Ex Northern Alpenglow 2014 – Glasgow & Strathclyde UOTC

An expedition has 3 components: Plan, Do, Recover…Fantasise, Criticise, Romanticise!.

“We’ve climbed Mt Kenya…what next?”. That was the challenge posed by the Commanding Officer on our return from Kenya in 2013. The European Alps were closer and Mt Blanc the highest in western Europe at 4808m was a perfect ideal.

The long and laborious process of bringing an inchoate plan to fruition began. We wanted a small group of mountaineers to aim for the ultimate prize but also be inclusive and so planned for a larger group to traverse the base of Mt Blanc along the world famous Tour de Mt Blanc (TMB). This 100mile circumnavigation with 10,000m of ascent and descent was the perfect foil to the attempt on the mountain at its centre.

Right up to the last minute the expedition hung in the balance with instructors and finances keeping us guessing. In no small part the generosity and speedy contribution from the Ulysses Trust allowed us to book flights and accommodation and gave a momentum which maintained the planning morale.

Notwithstanding almost missing the flight we arrived with some relief at the foot of Mt Blanc in glorious sunshine, in the crucible of world alpininsm: Chamonix in the Haute-Savoie region of France.

After a pizza and a thunderstorm our teams separated. The mountaineers travelled to Saas Fee in Switzerland to take advantage of the relatively easy terrain where we planned to train and acclimatize. The walkers set off from the campsite on the first of their 10 days hard walking aiming to curl West from Chamonix then East around into Italy, onwards to Switzerland before finally turning on themselves to return back into France.

For the mountaineers our week in Saas Fee was perfect. Simple Swiss hospitality at our basecamp allowed us to take advantage of very competitively priced lift tickets to access the hills. We completed 2 days of alpine training: crevasse rescue techniques, alpine ropework, using axe and crampons to travel safely on all manner of slope & snow. Then we managed 2 excellent ascents of 4000m peaks (the Allaninhorn and the Strahlhorn) which along with a very useful night spent at altitude in a mountain hut set us up perfectly for an attempt on Mt Blanc.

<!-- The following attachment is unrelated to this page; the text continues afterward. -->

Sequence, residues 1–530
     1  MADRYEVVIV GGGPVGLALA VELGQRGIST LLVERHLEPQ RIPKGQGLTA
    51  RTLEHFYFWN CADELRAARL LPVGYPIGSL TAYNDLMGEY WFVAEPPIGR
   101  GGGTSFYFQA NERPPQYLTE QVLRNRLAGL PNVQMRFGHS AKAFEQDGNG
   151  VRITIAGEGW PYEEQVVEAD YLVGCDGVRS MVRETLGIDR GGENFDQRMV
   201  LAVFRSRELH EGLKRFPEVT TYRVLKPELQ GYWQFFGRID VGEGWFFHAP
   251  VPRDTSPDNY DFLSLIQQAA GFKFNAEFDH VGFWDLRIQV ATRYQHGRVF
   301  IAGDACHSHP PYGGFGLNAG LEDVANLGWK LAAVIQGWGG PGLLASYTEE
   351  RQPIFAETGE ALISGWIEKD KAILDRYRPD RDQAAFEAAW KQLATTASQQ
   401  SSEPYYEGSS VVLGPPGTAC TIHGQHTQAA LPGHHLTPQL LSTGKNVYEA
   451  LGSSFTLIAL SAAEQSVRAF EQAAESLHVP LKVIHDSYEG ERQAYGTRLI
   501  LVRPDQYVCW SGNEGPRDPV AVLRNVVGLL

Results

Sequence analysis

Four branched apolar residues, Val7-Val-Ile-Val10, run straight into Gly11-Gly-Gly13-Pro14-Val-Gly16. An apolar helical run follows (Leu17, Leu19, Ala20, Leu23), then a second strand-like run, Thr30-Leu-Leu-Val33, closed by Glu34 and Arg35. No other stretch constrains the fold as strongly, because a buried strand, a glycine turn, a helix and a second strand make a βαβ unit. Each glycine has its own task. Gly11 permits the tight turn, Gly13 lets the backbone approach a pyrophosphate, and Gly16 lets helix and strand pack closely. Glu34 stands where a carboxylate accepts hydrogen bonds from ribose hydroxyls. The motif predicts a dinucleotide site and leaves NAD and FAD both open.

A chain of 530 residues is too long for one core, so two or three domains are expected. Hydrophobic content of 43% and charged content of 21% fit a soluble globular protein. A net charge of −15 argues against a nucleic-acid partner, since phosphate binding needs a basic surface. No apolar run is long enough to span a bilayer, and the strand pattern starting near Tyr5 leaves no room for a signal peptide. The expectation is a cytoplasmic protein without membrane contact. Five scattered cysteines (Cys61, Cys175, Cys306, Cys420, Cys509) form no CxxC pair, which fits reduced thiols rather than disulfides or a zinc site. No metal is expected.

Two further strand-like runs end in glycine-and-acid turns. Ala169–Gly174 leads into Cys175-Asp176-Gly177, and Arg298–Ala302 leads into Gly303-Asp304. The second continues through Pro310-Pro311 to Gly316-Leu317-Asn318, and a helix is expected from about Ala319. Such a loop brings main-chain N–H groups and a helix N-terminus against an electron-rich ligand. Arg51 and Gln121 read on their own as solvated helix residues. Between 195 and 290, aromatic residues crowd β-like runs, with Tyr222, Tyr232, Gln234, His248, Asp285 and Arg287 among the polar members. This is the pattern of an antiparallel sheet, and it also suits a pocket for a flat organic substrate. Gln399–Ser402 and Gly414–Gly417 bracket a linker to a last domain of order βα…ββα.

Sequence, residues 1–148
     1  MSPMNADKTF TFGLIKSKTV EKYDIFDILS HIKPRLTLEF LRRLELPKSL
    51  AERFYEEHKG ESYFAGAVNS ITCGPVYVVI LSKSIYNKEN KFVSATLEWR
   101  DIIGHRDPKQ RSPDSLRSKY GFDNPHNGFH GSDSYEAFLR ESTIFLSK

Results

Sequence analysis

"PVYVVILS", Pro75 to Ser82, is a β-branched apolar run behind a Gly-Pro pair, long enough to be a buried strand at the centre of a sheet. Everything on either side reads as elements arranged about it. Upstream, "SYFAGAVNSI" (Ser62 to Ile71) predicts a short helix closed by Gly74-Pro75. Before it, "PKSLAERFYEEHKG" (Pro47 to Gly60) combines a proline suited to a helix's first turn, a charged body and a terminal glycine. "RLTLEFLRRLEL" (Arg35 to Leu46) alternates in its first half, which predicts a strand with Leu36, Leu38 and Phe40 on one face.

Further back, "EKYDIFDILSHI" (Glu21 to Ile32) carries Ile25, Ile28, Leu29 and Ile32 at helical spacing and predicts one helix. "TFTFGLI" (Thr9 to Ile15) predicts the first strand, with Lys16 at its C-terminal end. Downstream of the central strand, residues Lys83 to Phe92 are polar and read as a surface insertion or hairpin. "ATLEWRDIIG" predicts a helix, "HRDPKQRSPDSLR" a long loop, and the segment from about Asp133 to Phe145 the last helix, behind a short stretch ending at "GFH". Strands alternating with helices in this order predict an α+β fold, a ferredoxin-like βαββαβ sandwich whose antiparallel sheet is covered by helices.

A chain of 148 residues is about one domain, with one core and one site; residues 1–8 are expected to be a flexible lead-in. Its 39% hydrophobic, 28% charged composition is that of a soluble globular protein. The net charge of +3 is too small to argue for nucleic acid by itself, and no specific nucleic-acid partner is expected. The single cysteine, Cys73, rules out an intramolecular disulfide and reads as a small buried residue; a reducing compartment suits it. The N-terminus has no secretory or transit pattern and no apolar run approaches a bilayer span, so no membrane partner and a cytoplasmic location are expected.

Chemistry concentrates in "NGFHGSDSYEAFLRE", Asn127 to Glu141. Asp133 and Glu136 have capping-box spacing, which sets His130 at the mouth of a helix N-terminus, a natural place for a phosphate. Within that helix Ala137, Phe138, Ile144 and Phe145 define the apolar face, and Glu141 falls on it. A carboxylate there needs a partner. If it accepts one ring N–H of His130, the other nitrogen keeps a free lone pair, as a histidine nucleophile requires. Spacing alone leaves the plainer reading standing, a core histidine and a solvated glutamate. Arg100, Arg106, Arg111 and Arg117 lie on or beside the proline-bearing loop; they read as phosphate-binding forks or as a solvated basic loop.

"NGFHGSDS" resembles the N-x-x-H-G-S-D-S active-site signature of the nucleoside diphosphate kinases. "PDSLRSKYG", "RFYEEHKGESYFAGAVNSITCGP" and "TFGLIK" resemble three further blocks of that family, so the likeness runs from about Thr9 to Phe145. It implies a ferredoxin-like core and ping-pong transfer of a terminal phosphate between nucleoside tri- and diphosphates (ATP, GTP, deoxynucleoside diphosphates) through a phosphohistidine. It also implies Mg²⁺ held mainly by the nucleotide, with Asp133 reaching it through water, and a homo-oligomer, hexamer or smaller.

Returning to Chamonix we stopped briefly in La Fouly, Switzerland to drop off a tent flysheet. This was to be retrieved by the TMB walkers when they passed through later that day after a freak rockfall had destroyed a tent one night in Italy. A near disaster was averted thanks to a simple communication plan using Satphones and a little off the cuff improvisation. The perfect example of thorough planning still allowing maximum flexibility.

Unfortunately the next week was marred by truly awful weather. A massive low pressure system sat across Europe and over a foot of fresh snow and 60mph+ winds at altitude scuppered our chances of attempting Mt Blanc. To illustrate the unseasonable and freakish weather at least 4 people disappeared on the Mt Blanc massif, presumed dead as they could not be found. We satisfied ourselved with easier objectives such as the Petite Aiguille Verte although even this was exciting as we were caught by an electrical storm whilst descending and the atmospheric static had us casting off our metal ice axes as they’re buzzing warned of imminent lightning strikes!

The TMB walkers endured sun, rain and gruelling ascents with occasional mountain oases to salve their toil. Not least the guardian of one mountain hut providing them with a free bottle of local “firewater” which guaranteed a late night and even later start the next day!

As we relaxed in Chamonix canyoning, rafting and visiting a vineyard for the final weekend we could reflect on an outstanding 10 days of effort. New skills learnt, significant physical challenges and no little teamwork brought out the best in all involved. A huge amount of hard work from the instructors set the scene for success but ultimately the esprit de corps of the officer cadets was the bedrock for the enjoyment of all involved. In summary the ethos that adventurous training embodies is echoed in another line from Ulysses, “..how dull it is to pause, to make an end, to rust unburnished not to shine in use..”.

With thanks to:

Ulysses Trust

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